Oil and natural gas prices have risen steadily over the past year as resurging demand has been met with limited supply. The price of Brent Crude is comfortably above $70 a barrel after hitting an 18-year low last March, while natural gas prices are hovering around all-time highs.
Soaring gas prices could return to earth
The meteoric rise in natural gas prices can be explained by strong demand in Asia following a cold winter, coupled with very low inventory levels in Europe. The price of UK natural gas has jumped by more than 200 per cent since the start of the year, prompting fears that several domestic energy suppliers could go bust.
There are also longer-term factors at play and the rising price of carbon emissions in the EU Emissions Trading Scheme has boosted gas prices in recent months. Natural gas produces about half as much CO2 as coal when used to generate electricity and has become an increasingly cost-effective substitute in power plants.
But this dynamic has a limit. As higher demand pushes up prices, gas becomes a less attractive substitute to coal for utility companies. And with prices well above cash costs, we expect demand to weaken and producers to increase supply, putting pressure on gas prices. Although a cold winter could push gas prices higher, they are still likely to fall back to the long-term marginal cost of supply as spring returns.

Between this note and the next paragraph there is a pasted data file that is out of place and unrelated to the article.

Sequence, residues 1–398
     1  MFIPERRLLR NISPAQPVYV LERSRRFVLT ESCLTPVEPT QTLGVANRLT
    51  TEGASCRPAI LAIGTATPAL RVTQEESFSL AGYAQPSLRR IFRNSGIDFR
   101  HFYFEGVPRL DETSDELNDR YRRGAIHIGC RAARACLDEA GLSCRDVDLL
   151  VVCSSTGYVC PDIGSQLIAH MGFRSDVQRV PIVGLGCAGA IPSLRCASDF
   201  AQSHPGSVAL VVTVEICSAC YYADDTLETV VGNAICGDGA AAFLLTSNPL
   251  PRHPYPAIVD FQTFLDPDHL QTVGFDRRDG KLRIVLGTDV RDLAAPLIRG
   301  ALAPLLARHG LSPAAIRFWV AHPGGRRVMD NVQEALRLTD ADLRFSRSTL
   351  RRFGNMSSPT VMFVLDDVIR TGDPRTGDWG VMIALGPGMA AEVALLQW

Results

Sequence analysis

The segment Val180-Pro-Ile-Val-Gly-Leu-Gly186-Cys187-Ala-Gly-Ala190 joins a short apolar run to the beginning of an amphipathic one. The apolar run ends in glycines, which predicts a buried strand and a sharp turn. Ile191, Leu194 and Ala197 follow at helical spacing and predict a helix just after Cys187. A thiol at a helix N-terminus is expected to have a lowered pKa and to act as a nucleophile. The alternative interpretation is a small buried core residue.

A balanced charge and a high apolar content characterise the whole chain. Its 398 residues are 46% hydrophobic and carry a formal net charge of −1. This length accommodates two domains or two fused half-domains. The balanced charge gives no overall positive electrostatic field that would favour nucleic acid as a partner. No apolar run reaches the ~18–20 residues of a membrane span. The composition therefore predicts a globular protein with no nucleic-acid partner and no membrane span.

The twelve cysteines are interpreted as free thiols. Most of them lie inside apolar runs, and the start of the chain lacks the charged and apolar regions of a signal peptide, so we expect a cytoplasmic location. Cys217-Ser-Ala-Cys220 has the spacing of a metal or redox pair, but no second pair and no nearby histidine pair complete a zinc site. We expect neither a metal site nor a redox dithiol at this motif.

Weaker demand may weigh on oil
Meanwhile the near-term drivers supporting the oil price also appear less compelling. Global growth, vigorous for much of this year, appears to be waning and any further recovery in demand depends on the trajectory of Covid-19 infections. We are now also past the summer driving season, a period of traditionally higher petrol consumption in the US.
Spare capacity is also weighing on oil prices. Shale producers have shown discipline by keeping output low and OPEC has firm control over prices and every incentive to manage market balances. However, private exploration and producers in the US are now adding rigs and barrels more quickly than anticipated, suggesting that supply could rise in the future.
Prices could be approaching a peak
Oil and gas prices have also been boosted by Hurricane Ida, which significantly disrupted production in the Gulf of Mexico. While this disruption should linger for some time, the effect on both oil and gas should start to dissipate from now. Longer-term drivers for energy prices remain intact, including the push to decarbonise which is restricting investment into new oil and gas fields. But over the short term at least it seems likely that oil and gas prices may be reaching a peak.